Go For Zero Food Waste Lifestyle


Nature has given us so many bounties, so it’s only natural that we return the favor

We always advocate the practice of “Zero Waste”.

What does it mean? It means we produce zero waste that goes into landfills or nature and adopt a circular economy principle where each waste gets to have a second life.

Cutting it all down (or eliminating altogether), wouldn’t hurt too, especially for our food waste—the one waste that ought to be returned back to earth.

In our previous blog post on food waste, we mentioned the reasons behind food waste differs in developed and developing countries: the former often squander it on the consumer level, and the latter wasted it in the production and delivery phase due to poor storage facilities and infrastructures. It all adds up in the report released by The Food and Agriculture Organization that states one-third of all food produced across the globe is spoiled or squandered, which breaks down to 45% fruits and vegetables, 35% seafood, 30% cereal, 20% dairy products, and 20% meat.

What a waste.

In general, we produce more biodegradable waste than non-biodegradable, particularly in urban dwellings. The amount is further compounded these days due to the fact that food can become a “trending” topic in social media, prompting us to consume regardless of hunger, and alluring packaging in supermarkets persuade us to buy and stock up regardless of need. Of course, food still plays its basic function: to satiate our hunger after a hard day’s work, but often we order more than what we could take in. The consequence: unfinished plates that become food waste.

“It’s really funny when we think about our ‘relationship’ to food as we grow up,” says Dwi Sasetyaningtyas, or Tyas (26), the brain behind eco-conscious Instagram account and website Sustaination. “As a child, we’re often prodded by our parents to finish our food or Dewi Sri [the goddess of rice] will be sad. But somehow we don’t bring that habit as we grow older.”

Do More, Waste Less

October 16 marks the UN’s World Food Day and the objective is to achieve Zero Hunger by 2030, a goal that can be realized in many ways, starting from us as consumers by consuming consciously and wasting less. The aim: zero food waste.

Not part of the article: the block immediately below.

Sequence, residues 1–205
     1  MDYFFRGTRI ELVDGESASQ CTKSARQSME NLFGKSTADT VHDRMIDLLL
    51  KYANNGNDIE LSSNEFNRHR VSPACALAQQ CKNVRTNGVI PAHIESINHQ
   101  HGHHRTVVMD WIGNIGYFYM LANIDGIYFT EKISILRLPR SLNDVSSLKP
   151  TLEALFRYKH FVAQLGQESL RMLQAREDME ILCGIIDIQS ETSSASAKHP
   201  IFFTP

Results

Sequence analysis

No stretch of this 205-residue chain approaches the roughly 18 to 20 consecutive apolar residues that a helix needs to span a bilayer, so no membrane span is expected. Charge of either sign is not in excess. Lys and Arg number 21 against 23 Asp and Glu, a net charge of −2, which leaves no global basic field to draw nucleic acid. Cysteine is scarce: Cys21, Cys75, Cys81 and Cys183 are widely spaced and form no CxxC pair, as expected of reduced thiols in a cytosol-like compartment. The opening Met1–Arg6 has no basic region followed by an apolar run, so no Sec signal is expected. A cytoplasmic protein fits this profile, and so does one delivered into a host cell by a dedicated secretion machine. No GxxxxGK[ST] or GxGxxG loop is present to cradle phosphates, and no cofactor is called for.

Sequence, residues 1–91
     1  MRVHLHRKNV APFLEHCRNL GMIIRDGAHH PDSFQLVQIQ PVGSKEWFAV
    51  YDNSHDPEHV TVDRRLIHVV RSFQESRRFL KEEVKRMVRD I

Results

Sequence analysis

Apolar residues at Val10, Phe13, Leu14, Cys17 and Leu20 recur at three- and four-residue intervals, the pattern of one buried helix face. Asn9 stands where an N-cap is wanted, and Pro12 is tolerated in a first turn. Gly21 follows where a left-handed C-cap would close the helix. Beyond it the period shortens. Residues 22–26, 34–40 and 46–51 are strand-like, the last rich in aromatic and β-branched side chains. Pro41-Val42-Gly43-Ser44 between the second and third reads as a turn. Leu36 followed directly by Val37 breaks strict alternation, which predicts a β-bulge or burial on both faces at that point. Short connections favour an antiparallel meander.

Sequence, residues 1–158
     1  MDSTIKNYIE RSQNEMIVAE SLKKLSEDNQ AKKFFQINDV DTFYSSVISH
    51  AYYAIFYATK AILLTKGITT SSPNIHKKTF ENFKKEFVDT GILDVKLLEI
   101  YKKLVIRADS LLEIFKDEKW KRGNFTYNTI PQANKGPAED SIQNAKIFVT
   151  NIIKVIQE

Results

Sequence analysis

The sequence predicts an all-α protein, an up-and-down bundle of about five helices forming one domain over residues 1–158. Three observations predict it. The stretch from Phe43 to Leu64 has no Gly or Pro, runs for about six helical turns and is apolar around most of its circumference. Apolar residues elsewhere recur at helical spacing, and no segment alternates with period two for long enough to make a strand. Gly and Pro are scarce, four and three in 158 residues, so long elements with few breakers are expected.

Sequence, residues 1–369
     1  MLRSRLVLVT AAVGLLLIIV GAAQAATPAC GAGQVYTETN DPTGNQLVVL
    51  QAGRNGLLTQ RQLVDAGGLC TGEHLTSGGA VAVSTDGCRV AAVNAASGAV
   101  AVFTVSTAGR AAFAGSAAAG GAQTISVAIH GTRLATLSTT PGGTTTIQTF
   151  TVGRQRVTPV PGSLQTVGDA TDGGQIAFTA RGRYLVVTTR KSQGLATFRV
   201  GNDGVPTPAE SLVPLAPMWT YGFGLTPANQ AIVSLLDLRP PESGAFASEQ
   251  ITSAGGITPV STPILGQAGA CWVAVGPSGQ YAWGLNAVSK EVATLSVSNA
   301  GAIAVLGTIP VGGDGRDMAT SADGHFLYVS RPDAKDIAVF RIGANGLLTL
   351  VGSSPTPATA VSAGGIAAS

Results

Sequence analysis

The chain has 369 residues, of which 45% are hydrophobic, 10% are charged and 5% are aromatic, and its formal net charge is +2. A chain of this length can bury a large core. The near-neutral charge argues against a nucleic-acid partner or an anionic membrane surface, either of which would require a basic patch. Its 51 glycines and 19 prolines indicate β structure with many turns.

Like for Tyas, a graduate of Institut Teknologi Bandung, and who completed her master on Renewable Energy in the Netherlands. She is determined in wasting less food and to making her food last longer. “I am currently learning how to create meal planning to avoid stocking too much unnecessary food,” she says. “Knowing how to store food properly is important, too—did you know that when you put a broccoli or carrot in a glass filled with water that can make it last for about a week when we put it in the fridge?”

Meanwhile, for Ibu Atiek, managing one’s organic waste can be a source of empowerment. Through the non-profit foundation, Yayasan Wisnu, and her own soap line, Kabar dari Desa, she and her team encourage communities to go zero food waste by managing their natural resources and utilizing it for their own benefits. “After a ceremony in Bali, there will be many organic waste, especially coconuts. So for example, they could extract the oil from the coconuts and, along with other botanical resources that they have, use the coconut oil to it create soaps which they could then market and sell,” she says.

And as for us, to achieve zero food waste we always encourage people to separate and compost food waste at home because you can still harvest its benefits for the garden. And it’s not hard at all. “We have a pretty easy composting system,” says Bintang Reditya, ecoBali’s Value Chain and Composting Coordinator. “You just put the food waste inside the bin; add worms that will help break down the food. Then we layer it with soil to cover the smell and followed by carbon-rich straws for air circulation. And just repeat the process. After one to two months, you can scoop it out and spread the resulting compost in the garden.”

Some would say that waste is gross, something that should be disposed of and forgotten instantly. However, we also have to acknowledge that we are also responsible for it. We mix our non-organics with orange peel, coffee grounds, chicken bones, veggie stalks, tea leaves, leftover takeaway food, and so on, then left it to waste and rot in smelly landfills.

“When we manage it well, waste can be gold,” says Dr.Ir. Ni Luh Kartini, MS, Professor of Agriculture in Udayana University. “That’s why we need to push more composting at home rather than sending our organic waste to landfill. However these days we have a tendency to consume what is instant and focus on fast food because we want to bypass the process of cooking our food.

And with her role as a founder of Bali Organic Association Foundation, she has been collaborating with the government to develop organic farming in villages across the island. “Long ago we live in close proximity to our food source, our soil and water aren’t as contaminated as it is now due to the rampant use of chemical fertilizers and pesticides. Everything is fresh, local, and prepared by ourselves, and the food waste that we have we feed to our livestock or composted. For whatever we take from nature, we should always return it back.”

And indeed we should.

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